UK

Yousaf met with five foreign leaders without UK official present, Jack claims

The First Minister met with a number of foreign leaders at the Cop28 summit (Pete Summers/PA)
The First Minister met with a number of foreign leaders at the Cop28 summit (Pete Summers/PA) The First Minister met with a number of foreign leaders at the Cop28 summit (Pete Summers/PA)

Scotland’s First Minister met with five different foreign leaders during Cop28 without an official from the UK Government present, Scottish Secretary Alister Jack has claimed.

A row erupted over Humza Yousaf’s meeting with Turkish President Recep Tayyip Erdogan on Sunday after Foreign Secretary Lord David Cameron threatened to withhold support for the Scottish Government’s international relations efforts due to a lack of Foreign and Commonwealth Development Office (FCDO) presence.

But speaking just hours later at the Scottish Affairs Committee, Mr Jack claimed it happened on four other occasions during the First Minister’s time at the summit.

Mr Jack told MPs there were also meetings with European Commission President Ursula Von Der Leyen, European Council President Charles Michel, Lebanese Prime Minister Najib Mikati and acting Pakistani Prime Minister Anwar-ul-Haq Kakar.

“There were five different occasions where meetings happened with foreign ministers without an official,” Mr Jack said.

“It’s not complicated, if there aren’t to be any sanctions, all the Scottish Government have to do is take Foreign Office officials to their meetings, that’s all we’re asking.

“(It) is incumbent on me and every other minister in the United Kingdom, and everyone else seems able to do it.”

Pictures of Mr Yousaf with foreign leaders mentioned were posted on X, formerly Twitter, showing him in discussions with Ms von der Leyen and Mr Michel, as well as posed with the Turkish President and Lebanese Prime Minister, respectively.

The Scottish Secretary also described President Erdogan as someone the Foreign Office “did not believe should be met”.

In his letter on Sunday, the Foreign Secretary said: “The absence of an official “contravenes the protocols in our guidance on FCDO support to devolved Government ministers’ overseas visits”.

He went on to say: “I remain open to discussing a constructive way forward. However, any further breaches of the protocol of ministerial meetings having a FCDO official present will result in no further FCDO facilitation of meetings or logistical support.

“We will also need to consider the presence of Scottish Government offices in UK Government posts.”

Mr Jack said he was “sighted” on the letter before it was sent and supported the former prime minister’s stance.

“I support it 100%,” he said.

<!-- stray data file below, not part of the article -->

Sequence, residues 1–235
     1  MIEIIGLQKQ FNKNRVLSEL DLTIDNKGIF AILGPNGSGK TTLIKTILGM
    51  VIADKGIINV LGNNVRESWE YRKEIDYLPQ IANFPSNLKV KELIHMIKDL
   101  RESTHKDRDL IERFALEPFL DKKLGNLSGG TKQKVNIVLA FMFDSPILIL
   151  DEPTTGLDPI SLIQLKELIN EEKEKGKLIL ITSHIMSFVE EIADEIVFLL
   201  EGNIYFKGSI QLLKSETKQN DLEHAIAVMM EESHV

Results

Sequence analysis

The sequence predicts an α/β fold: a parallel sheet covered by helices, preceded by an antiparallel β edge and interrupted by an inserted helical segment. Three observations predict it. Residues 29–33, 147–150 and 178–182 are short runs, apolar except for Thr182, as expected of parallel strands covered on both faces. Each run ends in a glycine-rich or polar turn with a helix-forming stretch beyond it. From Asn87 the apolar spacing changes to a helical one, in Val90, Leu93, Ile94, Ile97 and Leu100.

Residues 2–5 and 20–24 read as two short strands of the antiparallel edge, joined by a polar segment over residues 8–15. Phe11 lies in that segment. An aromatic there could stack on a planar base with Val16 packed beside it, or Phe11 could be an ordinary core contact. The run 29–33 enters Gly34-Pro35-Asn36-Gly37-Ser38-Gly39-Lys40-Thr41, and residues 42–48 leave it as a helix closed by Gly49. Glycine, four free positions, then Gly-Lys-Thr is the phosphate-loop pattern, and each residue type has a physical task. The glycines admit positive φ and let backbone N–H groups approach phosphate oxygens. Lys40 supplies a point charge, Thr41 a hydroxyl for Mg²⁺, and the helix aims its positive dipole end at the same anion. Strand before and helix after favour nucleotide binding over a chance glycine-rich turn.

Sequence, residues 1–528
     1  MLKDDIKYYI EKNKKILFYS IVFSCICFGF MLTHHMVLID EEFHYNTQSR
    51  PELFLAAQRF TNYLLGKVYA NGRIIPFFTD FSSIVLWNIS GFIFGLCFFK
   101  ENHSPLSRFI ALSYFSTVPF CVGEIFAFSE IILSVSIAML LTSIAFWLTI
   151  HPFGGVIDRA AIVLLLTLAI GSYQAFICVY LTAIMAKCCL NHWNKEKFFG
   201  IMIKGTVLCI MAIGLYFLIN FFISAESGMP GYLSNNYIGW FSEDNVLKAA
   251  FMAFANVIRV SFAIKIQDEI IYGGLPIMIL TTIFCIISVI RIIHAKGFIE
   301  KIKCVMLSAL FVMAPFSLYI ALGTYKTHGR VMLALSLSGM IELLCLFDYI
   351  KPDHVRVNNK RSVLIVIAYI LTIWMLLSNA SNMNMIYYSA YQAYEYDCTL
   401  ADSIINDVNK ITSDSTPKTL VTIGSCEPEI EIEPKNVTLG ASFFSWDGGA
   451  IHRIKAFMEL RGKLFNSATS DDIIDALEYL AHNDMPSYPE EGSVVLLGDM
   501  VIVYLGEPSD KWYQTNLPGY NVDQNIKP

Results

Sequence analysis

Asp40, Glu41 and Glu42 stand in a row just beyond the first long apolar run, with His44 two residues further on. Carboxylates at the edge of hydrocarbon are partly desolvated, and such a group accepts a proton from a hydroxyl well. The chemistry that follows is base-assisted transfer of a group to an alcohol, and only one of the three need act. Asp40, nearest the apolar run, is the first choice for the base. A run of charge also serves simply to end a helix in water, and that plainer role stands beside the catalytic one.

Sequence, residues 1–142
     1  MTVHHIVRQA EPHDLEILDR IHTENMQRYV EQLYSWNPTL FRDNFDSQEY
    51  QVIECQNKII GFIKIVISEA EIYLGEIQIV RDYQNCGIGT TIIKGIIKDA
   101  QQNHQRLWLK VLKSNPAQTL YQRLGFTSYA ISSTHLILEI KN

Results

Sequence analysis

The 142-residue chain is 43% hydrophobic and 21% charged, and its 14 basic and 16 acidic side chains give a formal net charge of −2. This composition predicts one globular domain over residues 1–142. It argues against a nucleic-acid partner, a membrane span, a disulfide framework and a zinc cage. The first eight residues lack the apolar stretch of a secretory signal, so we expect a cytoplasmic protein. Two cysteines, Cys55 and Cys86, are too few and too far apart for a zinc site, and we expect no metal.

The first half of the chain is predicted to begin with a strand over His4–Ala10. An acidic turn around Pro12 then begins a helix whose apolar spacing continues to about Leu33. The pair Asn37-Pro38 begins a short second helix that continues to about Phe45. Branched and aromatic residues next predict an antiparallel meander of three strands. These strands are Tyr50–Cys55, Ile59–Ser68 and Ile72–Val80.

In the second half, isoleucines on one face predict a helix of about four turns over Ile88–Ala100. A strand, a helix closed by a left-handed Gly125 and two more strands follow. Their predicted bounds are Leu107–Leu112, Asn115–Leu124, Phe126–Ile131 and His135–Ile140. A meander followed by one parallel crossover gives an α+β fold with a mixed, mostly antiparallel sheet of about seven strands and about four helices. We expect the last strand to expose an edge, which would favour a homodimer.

“There’s a very simple principle here, all ministers of the United Kingdom – irrespective of whether they’re ministers in a devolved administration or the UK Government – when they’re overseas, when they meet ministers from foreign countries, they must have… an official, a civil servant, from the Foreign Office present to take notes.”

He added that the Scottish Government “don’t accept that” because they had previously not followed the protocol when meeting the Icelandic Prime Minister earlier this year – sparking another letter from then-foreign secretary James Cleverley.

Speaking to the PA news agency on Monday, the First Minister said the letter was “petty and misguided”.

“First of all, let’s be clear – the approach from Lord Cameron is really petty and, frankly, misguided,” he said during a visit in Dunbar ahead of a travelling Cabinet meeting.

“Scotland is the part of the UK, outside of London, that has attracted the most foreign direct investment for eight years in a row, that happens because the Scottish Government’s international engagement is valued (and) has impact.

“To threaten to curtail that, to stop that international engagement – the international engagement from the elected Scottish Government from an unelected lord – I think is misguided and petty.”

Mr Yousaf also claimed the issue could have been resolved privately, had Lord Cameron approached the Scottish Government, saying: “For Lord Cameron to say he’s basically going to stop Scotland’s international engagement because of one meeting, where one FCDO official wasn’t able to attend – because, of course, at events like Cop, diaries can change quite last minute – is really petty, really misguided.

“I suggest to Lord Cameron that next time, if he has an issue like that, he should just pick up the phone, I’m sure it can be resolved.”